In spite of progressive budgets, both on regular (current non-salary) and development side (20% of provincial budget), utilisation remains meagre. After declaring an emergency for the sector, the government was urged to push for the timely use of Rs. 13 billion allocated for development budget and large amounts for the non-development recurrent side as well in Sindh.
For almost 68% of the development schemes (270 out of 396), not a single penny has been spent as of May 2017.
Sindh, like other provinces, has committed to sector-wide improvements from early childhood education to primary, secondary, post-secondary, and higher education, as well as backing for vocational programmes and support for out-of-school children, all of which, together, is reflected in the well-thought-out provincial education sector plans.
Even if utilization is achieved in May-June 2017 by some extraordinary effort, the quality of expenditure would remain compromised at best.
This pattern is not exclusive to Sindh – which has boldly explored numerous techniques, including PPP’s Education Management Organizations (EMOs) and ‘innovative initiatives’ (Rs. 500 million) budget line in FY16-17 – but, like all provinces, it must also bear the responsibility for ‘utilisation delayed = entitlements denied’.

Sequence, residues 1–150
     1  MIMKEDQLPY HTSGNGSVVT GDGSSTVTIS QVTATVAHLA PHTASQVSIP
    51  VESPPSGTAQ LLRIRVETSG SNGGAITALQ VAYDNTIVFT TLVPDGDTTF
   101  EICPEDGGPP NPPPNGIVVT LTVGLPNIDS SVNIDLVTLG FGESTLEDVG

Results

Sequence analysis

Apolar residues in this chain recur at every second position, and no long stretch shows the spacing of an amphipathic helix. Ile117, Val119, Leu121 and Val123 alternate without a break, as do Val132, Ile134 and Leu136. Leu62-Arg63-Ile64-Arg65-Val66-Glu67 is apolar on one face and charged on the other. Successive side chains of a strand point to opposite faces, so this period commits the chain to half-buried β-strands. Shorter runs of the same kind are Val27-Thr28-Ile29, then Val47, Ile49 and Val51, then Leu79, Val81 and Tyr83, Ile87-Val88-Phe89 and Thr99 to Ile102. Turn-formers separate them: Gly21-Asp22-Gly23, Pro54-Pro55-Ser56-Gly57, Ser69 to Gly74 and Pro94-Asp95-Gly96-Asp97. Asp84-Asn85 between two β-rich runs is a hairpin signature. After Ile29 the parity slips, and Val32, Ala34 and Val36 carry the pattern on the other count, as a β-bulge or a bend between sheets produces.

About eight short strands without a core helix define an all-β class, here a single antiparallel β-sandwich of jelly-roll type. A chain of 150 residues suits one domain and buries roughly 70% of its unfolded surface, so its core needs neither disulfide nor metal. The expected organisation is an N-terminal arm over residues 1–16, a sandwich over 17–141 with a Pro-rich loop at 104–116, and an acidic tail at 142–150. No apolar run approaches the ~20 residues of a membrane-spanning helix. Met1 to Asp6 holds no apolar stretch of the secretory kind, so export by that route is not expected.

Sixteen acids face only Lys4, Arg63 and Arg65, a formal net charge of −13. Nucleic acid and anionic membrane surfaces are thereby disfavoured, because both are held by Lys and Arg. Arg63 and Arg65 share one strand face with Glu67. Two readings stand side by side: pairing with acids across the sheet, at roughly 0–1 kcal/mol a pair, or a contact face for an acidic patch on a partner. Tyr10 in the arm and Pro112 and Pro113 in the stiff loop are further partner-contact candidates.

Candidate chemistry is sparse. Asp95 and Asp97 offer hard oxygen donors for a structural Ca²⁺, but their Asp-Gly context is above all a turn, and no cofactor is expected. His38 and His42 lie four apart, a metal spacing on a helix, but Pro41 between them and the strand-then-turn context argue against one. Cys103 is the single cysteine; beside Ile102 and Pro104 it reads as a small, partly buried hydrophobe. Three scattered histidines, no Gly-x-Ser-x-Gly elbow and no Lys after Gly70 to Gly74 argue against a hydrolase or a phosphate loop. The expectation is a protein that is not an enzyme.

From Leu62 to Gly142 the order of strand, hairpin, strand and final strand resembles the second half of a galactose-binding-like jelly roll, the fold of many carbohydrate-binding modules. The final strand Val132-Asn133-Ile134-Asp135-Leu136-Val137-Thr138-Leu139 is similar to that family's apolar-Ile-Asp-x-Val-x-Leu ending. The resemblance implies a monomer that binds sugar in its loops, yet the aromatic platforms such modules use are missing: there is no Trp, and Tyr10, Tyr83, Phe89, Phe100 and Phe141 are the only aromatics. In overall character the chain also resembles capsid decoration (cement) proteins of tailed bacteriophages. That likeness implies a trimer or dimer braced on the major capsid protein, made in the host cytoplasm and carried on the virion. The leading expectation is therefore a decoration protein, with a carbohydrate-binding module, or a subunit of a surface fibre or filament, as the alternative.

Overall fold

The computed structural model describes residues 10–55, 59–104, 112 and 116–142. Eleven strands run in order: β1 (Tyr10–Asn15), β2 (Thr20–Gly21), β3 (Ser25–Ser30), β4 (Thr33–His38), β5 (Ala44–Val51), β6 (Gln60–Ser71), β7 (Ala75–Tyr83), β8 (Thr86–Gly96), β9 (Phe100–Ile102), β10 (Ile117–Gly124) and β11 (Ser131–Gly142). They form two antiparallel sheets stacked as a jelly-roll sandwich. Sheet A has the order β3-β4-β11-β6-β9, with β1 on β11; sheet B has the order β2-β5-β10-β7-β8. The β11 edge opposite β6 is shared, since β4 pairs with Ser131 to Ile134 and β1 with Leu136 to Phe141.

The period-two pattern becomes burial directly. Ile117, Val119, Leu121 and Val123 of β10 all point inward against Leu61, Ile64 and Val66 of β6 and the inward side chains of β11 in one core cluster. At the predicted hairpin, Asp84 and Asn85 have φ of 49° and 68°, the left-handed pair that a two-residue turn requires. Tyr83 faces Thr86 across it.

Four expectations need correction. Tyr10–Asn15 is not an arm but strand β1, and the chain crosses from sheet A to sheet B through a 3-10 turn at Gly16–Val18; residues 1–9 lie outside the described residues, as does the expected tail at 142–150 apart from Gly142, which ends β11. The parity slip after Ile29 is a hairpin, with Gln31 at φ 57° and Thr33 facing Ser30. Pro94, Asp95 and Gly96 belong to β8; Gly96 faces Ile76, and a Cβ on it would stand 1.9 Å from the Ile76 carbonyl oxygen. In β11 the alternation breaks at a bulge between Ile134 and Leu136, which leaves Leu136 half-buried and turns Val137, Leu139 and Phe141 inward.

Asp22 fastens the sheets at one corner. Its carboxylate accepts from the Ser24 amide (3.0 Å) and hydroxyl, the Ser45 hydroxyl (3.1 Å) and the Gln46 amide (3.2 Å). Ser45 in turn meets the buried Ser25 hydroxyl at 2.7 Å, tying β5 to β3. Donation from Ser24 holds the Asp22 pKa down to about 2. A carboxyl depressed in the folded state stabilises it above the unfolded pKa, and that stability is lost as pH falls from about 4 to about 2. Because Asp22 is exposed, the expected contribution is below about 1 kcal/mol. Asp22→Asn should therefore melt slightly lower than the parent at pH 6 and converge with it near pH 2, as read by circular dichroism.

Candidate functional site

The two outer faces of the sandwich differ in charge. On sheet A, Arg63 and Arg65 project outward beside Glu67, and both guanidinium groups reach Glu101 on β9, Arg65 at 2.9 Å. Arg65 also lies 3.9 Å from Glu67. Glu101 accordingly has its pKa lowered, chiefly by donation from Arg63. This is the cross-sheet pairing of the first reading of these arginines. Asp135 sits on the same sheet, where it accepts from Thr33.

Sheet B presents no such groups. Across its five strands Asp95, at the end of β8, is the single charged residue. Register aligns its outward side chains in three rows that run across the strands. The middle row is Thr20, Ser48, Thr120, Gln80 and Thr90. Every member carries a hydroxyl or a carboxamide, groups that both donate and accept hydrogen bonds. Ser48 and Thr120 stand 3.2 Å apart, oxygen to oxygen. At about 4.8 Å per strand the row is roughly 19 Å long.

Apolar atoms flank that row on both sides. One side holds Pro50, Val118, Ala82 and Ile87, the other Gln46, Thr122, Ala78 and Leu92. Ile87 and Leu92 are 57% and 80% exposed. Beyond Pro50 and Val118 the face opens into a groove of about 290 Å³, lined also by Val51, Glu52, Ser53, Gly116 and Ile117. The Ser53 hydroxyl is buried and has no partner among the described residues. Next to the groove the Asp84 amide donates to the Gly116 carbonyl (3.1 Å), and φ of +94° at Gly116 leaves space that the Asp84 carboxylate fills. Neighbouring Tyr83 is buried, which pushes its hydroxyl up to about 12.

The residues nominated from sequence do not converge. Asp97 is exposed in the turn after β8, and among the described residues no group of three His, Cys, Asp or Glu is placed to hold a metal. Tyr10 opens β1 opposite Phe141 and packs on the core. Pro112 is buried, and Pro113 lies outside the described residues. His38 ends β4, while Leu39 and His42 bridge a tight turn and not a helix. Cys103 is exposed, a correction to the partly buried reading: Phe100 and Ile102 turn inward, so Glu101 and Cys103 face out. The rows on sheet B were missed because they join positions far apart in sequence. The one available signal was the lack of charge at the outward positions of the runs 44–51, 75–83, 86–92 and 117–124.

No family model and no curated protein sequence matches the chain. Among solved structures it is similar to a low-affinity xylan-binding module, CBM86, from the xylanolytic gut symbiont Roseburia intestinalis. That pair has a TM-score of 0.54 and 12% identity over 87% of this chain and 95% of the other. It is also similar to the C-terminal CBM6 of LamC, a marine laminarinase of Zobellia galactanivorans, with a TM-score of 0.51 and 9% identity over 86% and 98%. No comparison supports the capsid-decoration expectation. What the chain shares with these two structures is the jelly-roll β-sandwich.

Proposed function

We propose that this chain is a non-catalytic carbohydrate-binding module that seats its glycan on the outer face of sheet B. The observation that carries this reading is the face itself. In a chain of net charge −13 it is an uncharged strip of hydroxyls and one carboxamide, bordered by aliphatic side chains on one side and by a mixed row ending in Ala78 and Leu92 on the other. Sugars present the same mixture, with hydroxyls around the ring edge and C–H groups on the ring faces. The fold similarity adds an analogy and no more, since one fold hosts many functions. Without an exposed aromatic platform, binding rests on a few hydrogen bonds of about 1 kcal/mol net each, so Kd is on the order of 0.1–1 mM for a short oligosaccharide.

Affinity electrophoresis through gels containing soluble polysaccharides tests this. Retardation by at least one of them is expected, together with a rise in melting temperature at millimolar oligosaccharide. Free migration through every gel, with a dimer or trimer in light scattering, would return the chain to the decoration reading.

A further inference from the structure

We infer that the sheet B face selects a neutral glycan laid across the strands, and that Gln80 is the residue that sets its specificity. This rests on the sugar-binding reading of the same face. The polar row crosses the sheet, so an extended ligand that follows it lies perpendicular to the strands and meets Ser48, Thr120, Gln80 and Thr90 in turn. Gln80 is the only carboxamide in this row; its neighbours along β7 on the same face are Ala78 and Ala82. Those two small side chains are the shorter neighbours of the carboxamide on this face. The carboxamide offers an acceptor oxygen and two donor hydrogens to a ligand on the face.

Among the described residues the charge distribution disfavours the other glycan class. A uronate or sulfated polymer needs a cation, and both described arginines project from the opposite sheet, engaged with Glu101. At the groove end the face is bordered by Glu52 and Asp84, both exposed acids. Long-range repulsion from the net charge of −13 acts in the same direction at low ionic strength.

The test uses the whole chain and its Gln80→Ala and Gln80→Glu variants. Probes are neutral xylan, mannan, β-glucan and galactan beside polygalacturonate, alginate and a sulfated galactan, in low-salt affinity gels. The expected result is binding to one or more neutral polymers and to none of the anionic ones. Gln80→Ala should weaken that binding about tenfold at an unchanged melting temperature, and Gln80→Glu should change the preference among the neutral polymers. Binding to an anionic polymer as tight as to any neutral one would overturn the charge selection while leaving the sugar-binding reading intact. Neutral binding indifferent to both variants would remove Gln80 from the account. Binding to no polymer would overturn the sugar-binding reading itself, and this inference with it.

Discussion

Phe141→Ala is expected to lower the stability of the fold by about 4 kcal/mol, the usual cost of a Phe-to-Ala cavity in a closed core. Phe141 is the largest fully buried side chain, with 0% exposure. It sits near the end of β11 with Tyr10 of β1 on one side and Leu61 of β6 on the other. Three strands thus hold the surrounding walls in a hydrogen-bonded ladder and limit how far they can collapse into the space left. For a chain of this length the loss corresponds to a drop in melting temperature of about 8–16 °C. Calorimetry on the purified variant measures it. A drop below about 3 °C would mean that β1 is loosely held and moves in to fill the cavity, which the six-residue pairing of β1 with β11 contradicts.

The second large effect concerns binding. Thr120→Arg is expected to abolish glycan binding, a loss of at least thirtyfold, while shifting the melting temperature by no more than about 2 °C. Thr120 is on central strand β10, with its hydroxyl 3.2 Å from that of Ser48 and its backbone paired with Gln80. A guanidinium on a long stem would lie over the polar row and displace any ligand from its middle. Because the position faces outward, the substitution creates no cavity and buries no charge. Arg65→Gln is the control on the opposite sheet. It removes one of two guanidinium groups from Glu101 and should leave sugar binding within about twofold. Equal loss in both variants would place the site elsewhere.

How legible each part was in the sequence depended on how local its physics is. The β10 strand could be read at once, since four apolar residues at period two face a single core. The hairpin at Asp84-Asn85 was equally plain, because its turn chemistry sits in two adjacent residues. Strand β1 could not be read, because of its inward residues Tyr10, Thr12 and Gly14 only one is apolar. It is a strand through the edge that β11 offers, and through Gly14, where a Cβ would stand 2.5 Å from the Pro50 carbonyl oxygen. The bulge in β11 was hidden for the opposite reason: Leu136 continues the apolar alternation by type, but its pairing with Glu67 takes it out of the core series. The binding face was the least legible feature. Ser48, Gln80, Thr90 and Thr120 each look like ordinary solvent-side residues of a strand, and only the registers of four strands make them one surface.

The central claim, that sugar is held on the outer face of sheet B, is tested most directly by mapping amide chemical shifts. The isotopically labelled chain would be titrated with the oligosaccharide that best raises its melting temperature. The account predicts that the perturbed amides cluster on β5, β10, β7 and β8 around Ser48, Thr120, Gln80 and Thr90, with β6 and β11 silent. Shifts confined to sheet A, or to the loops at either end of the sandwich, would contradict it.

Is that just?
Until March 31, the education department in Punjab could only spend 38 and 23 percent, respectively, of the Rs. 41.75 billion revised and Rs. 962 million special education allocations.
The development budgets and recurrent/regular non-salary that offer the most stability, sustainability, and progress, therefore, remain the most underutilized across Pakistan, painting a gloomy picture.
In Pakistan’s education finance architecture, between 90% and 92% of the core budget originates from the government’s own resources, supplemented by nearly 8 to 10% from the development partners.
This is a strong position for Pakistan on the basis of official development assistance (ODA) for value addition, but dilution occurs with weak ownership and politically whimsical spending.
There are urgent needs that cannot be ignored if the fundamental right to education has to be achieved for children between 5-16 years of age as per Article 25-A.
Seven areas make a business case for education: